Crony Capitalism and Sovereign Default
Cronyism provides policymakers with marked incentives to repay sovereign debt. This takes place at the expense of the average citizen who bears both steep costs of debt repudiation and high costs of debt service, as clientelism increases both financial fragility and the debt burden. The paper sets up a model of strategic debt default that nails down this point, with political distortions and where a representative agent can dismiss the government and overrule its decision. Economic hard times provide an opportunity to implement reforms fighting clientelism, as the implicit coalition between groups of cronies may break down. A model is built along these lines, which highlights cross-country contagion of debt repudiation. Copyright Springer Science + Business Media, Inc. 2005
If you experience problems downloading a file, check if you have the proper application to view it first. In case of further problems read the IDEAS help page. Note that these files are not on the IDEAS site. Please be patient as the files may be large.
As the access to this document is restricted, you may want to look for a different version under "Related research" (further below) or search for a different version of it.
References listed on IDEAS
Please report citation or reference errors to , or , if you are the registered author of the cited work, log in to your RePEc Author Service profile, click on "citations" and make appropriate adjustments.:
- Laura E. Kodres & Matthew Pritsker, 2002. "A Rational Expectations Model of Financial Contagion," Journal of Finance, American Finance Association, vol. 57(2), pages 769-799, 04.
- Seema Jayachandran & Michael Kremer, 2006.
American Economic Review,
American Economic Association, vol. 96(1), pages 82-92, March.
- Di Gioacchino, Debora & Ginebri, Sergio & Sabani, Laura, 2000. " Bribery and Public Debt Repudiation," Public Choice, Springer, vol. 105(3-4), pages 303-21, December.
- Keefer, Philip, 2001. "When do special interests run rampant ? disentangling the role in banking crises of elections, incomplete information, and checks and balances," Policy Research Working Paper Series 2543, The World Bank.
- Kumar, Manmohan S & Persaud, Avinash, 2002. "Pure Contagion and Investors' Shifting Risk Appetite: Analytical Issues and Empirical Evidence," International Finance, Wiley Blackwell, vol. 5(3), pages 401-36, Winter.
- Robinson, James A & Verdier, Thierry, 2002.
"The Political Economy of Clientelism,"
CEPR Discussion Papers
3205, C.E.P.R. Discussion Papers.
- Guido Tabellini, 1989.
"The Politics of Intergenerational Redistribution,"
NBER Working Papers
3058, National Bureau of Economic Research, Inc.
- Giannetti, Mariassunta, 2003. " Bank-Firm Relationships and Contagious Banking Crises," Journal of Money, Credit and Banking, Blackwell Publishing, vol. 35(2), pages 239-61, April.
- Allan Drazen & Vittorio Grilli, 1990.
"The Benefits of Crises for Economic Reforms,"
NBER Working Papers
3527, National Bureau of Economic Research, Inc.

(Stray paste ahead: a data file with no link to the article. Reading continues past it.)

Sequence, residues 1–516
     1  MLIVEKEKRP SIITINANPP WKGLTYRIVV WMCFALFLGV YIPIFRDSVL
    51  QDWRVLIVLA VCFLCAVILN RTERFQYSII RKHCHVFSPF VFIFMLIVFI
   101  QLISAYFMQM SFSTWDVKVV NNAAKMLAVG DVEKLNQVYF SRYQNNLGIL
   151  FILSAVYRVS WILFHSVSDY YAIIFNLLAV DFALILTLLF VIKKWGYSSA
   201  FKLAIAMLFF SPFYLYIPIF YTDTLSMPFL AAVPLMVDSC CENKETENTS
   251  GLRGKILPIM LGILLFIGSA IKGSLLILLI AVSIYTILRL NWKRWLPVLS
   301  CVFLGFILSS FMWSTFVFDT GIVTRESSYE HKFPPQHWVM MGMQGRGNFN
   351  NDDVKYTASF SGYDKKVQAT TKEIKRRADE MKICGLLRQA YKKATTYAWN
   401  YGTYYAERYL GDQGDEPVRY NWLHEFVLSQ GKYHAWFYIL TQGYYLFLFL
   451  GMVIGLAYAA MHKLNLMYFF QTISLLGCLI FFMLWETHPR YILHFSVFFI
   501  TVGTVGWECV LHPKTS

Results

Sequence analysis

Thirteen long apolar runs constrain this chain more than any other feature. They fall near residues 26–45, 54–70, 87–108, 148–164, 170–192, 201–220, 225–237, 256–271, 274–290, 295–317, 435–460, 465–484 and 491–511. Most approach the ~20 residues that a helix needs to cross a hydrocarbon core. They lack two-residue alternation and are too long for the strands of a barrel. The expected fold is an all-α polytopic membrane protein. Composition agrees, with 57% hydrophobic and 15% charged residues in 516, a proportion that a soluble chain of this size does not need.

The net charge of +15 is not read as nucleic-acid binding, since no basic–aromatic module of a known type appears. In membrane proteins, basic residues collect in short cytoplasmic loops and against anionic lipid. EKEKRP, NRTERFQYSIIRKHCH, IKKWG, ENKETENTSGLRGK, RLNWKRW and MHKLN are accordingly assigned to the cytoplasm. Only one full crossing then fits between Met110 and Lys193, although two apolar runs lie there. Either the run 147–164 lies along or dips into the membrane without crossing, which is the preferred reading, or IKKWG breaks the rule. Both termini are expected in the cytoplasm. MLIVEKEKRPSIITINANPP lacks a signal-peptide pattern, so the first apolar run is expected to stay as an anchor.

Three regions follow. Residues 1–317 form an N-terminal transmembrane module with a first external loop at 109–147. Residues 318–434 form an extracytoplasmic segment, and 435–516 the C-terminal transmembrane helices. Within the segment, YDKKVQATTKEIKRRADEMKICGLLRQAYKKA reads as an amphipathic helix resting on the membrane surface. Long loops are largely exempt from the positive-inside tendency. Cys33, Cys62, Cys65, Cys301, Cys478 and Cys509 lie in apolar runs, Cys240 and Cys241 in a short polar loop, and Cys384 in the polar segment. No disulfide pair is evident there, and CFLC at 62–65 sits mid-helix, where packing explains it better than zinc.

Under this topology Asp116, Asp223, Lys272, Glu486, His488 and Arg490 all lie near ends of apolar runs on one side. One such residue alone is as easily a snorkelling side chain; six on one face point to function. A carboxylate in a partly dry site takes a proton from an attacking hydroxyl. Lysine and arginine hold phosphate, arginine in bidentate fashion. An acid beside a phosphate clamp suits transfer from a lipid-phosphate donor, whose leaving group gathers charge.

- Frank Gunter, 1991. "Thomas Jefferson on the repudiation of public debt," Constitutional Political Economy, Springer, vol. 2(3), pages 283-301, September.
- Chang, Roberto, 2007.
"Financial crises and political crises,"
Journal of Monetary Economics,
Elsevier, vol. 54(8), pages 2409-2420, November.
- Calvo, Guillermo A, 1988. "Servicing the Public Debt: The Role of Expectations," American Economic Review, American Economic Association, vol. 78(4), pages 647-61, September.
- Raymond Fisman, 2001. "Estimating the Value of Political Connections," American Economic Review, American Economic Association, vol. 91(4), pages 1095-1102, September.
- Victor E. Vaugirard, 2004. "Informational Contagion of Sudden Stops in a Global Games Framework," Open Economies Review, Springer, vol. 15(2), pages 169-192, 04.
- Joseph H. Haslag & Rowena Pecchenino, 2005. "Crony Capitalism and Financial System Stability," Economic Inquiry, Western Economic Association International, vol. 43(1), pages 24-38, January.
When requesting a correction, please mention this item's handle: RePEc:kap:openec:v:16:y:2005:i:1:p:77-99. See general information about how to correct material in RePEc.
For technical questions regarding this item, or to correct its authors, title, abstract, bibliographic or download information, contact: (Sonal Shukla)or (Rebekah McClure)
If you have authored this item and are not yet registered with RePEc, we encourage you to do it here. This allows to link your profile to this item. It also allows you to accept potential citations to this item that we are uncertain about.
If references are entirely missing, you can add them using this form.
If the full references list an item that is present in RePEc, but the system did not link to it, you can help with this form.
If you know of missing items citing this one, you can help us creating those links by adding the relevant references in the same way as above, for each refering item. If you are a registered author of this item, you may also want to check the "citations" tab in your profile, as there may be some citations waiting for confirmation.
Please note that corrections may take a couple of weeks to filter through the various RePEc services.